- Follies of God, Raghav Handa
- Soo-Min Shim
This month Performance Review is partnering with the Keir Choreographic Award (KCA) to bring you interviews with this year’s finalists: Alan Schacher & WeiZen Ho (NSW); Alice Will Caroline (VIC); Jenni Large (TAS); Joshua Pether (WA); Lucky Lartey (NSW); Raghav Handa (NSW); Rebecca Jensen (VIC) and Tra Mi Dinh (VIC). In this interview Soo-Min Shim speaks with Raghav Handa about his KCA work Follies of God, 2022.
Raghav Handa, Follies of God, 2022. Photo by Lucy Parakhina.
SMS: I might start with a broader question – what draws you towards dance as an artistic medium?
RH: I was never formally trained in dance. I fell into Kathak coincidentally when I was young. My mum had bought a ten pass dance class for my sister and she didn’t want to go so I went instead. I was originally drawn in by the costumes, the energy, the theatricality of the dance, rather than the form itself. I loved the way the Kathak skirts looked during Kathak pirouettes and spins. I grew to have an appreciation for all these disparate elements and though we call it dance, it’s actually theatre when you consider the musician, the dancer, the audience and the entire space working together.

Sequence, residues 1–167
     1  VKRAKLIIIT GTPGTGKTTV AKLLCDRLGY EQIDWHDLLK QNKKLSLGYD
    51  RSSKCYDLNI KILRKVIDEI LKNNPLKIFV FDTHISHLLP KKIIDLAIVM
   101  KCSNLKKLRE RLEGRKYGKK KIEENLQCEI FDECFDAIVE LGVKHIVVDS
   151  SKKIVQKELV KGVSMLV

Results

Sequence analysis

I didn’t ‘officially’ consider myself a dancer until after high school, when I was coincidentally cast in West Side Story. After that, I started working with Indigenous choreographers, in particular Vicki Van Hout, who I still work with today.
Not having been formally trained in dance and not having a dance degree gave me a greater perspective on dance outside of the regimented, institutional understanding of dance. For me, dance is a lifestyle and it’s in the everyday. I saw movement and gestures even in the rituals of my mother cooking everyday. I came to see the importance of process, rather than outcome. I came to see that my body holds knowledge and lineage.